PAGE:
The Aliyev family's involvement was through concealed ownership of the Azenco construction company, which had quietly become a subcontractor to the only company listed in official documents as constructing the concert hall, Germany's Alpine Bau Deutschland AG.

Tracing the ownership of Azenco back through a series of shell companies, the investigation discovered that its majority owners belonged to a firm registered to the then home address of Aliyev's wife and two daughters. Azenco has routinely received contracts for state-funded projects, with the State Procurement Agency records showing it was awarded contracts worth $79 million in 2010 alone.

Other reports by Ismayilova include an exposé in 2012 of how the Azerbaijani government awarded the rights to a lucrative gold field to President Aliyev's family and a 2014 report on how, through a trail of owners and offshore registrations, Aliyev's two daughters appear to be connected to Azerbaijan's largest mobile-phone business, Azercell.

Breaking New Ground

Ismayilova's reports were among the first of their kind in Azerbaijan. OCCRP editor Drew Sullivan says that gave them particular impact. "She was the first person to show the names of the [Aliyev] family on these businesses that the government denied that they had any dealings with," he says.

"She was the one who truly came up with the first evidence, and I think that the first evidence is critically important because it breaks the illusion," Sullivan explains. "The government's propaganda allows people to forget about it but when you see the evidence and when the documents are there, you can't hide it any longer. The fact that the government reacted as it did to Khadija shows that they believe she was having an effect."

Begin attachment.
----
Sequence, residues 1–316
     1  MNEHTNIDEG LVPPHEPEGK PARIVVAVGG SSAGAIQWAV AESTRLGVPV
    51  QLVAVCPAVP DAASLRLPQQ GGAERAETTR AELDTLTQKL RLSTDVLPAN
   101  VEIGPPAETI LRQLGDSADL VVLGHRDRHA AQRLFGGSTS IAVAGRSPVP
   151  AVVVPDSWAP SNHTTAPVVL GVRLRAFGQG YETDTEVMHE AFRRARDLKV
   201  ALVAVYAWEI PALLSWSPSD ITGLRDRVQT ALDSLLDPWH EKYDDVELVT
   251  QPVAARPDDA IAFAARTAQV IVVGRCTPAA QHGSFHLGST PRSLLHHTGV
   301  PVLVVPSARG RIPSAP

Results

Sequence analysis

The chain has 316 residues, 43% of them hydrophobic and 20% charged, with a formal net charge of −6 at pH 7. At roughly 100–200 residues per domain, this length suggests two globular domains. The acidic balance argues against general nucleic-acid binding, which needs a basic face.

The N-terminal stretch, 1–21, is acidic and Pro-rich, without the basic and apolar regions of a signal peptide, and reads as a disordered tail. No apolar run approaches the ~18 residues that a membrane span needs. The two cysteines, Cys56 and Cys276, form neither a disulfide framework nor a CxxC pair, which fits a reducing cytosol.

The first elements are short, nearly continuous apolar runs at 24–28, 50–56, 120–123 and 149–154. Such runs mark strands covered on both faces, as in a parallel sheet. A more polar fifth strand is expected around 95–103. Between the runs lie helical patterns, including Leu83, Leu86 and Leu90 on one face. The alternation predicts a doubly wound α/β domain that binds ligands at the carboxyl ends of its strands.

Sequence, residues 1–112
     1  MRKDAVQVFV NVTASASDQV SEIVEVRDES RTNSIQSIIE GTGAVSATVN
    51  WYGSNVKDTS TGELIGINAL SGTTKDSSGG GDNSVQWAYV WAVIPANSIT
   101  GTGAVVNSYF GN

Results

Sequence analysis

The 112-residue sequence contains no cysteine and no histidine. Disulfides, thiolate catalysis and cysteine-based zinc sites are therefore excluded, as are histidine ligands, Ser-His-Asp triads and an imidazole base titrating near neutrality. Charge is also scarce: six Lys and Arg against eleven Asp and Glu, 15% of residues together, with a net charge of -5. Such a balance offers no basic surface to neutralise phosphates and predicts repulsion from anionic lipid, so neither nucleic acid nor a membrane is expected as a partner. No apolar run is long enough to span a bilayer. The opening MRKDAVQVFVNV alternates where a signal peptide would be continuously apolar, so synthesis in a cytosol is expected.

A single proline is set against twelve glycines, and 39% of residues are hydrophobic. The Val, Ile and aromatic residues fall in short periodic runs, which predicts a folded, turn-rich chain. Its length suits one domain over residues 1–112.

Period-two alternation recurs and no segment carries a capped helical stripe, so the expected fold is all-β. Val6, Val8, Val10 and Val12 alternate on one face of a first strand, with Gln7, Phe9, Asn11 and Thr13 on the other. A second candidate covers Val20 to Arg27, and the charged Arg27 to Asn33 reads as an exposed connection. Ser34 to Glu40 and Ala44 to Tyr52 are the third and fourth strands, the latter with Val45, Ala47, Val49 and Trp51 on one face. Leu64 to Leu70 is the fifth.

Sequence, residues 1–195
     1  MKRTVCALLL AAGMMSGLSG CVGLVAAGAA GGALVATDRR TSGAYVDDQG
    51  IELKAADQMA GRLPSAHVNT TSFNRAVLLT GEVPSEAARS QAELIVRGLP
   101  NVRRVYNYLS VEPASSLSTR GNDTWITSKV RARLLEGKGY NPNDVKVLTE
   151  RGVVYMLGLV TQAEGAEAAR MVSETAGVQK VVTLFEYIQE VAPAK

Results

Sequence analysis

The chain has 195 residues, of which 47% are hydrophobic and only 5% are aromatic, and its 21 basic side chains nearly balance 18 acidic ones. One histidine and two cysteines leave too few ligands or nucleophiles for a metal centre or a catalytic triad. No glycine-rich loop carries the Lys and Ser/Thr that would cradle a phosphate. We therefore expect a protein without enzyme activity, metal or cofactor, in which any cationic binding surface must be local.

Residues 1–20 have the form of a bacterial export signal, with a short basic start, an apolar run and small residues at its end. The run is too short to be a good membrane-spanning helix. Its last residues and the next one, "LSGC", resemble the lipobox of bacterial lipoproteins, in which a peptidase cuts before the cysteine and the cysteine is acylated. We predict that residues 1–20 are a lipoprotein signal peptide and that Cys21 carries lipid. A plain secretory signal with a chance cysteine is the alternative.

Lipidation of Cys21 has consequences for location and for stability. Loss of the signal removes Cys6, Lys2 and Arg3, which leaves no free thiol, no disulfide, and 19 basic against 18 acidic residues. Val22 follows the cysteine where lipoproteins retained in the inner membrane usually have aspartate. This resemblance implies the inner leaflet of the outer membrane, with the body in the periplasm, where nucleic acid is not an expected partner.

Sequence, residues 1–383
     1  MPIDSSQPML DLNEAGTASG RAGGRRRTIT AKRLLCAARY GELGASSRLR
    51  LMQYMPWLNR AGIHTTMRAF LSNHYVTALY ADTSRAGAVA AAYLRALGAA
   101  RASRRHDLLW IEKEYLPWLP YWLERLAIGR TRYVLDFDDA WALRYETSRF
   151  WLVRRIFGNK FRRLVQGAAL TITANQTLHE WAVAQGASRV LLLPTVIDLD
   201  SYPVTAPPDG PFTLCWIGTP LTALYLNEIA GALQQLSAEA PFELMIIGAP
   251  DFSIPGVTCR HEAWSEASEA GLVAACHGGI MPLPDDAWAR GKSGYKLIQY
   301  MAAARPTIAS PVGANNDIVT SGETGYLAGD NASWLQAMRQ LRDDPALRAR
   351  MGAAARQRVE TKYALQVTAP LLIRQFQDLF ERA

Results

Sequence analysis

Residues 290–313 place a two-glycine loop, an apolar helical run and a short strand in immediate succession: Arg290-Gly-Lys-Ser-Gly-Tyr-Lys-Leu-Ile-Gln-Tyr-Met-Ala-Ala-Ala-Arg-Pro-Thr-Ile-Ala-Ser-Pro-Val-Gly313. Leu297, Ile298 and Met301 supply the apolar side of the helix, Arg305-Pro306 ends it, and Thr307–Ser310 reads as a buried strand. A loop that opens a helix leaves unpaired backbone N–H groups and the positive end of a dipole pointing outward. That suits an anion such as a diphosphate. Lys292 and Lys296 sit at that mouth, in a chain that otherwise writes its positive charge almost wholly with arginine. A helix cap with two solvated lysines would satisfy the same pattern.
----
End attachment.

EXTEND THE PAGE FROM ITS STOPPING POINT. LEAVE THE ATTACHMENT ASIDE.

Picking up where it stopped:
Sullivan says Ismayilova knew from the start that investigating the Aliyevs was dangerous, but she accepted that risk.

"She knows intimately how the government of Azerbaijan works and she knows the people she is dealing with and these are thuggish, organized-crime kind of people. They are vicious, they are mean, they are personal about things and anybody who steps in their way, whether it is a political party, a business leader, or anybody else, has been crushed in Azerbaijan and she has seen this for decades. And so, when she took on these people, she knew exactly what to expect and she knew she was going to be arrested. And that's courage."

Told To 'Behave'

Ismayilova continued her investigative work despite coming under mounting pressure to stop, first from anonymous parties and later directly from the authorities.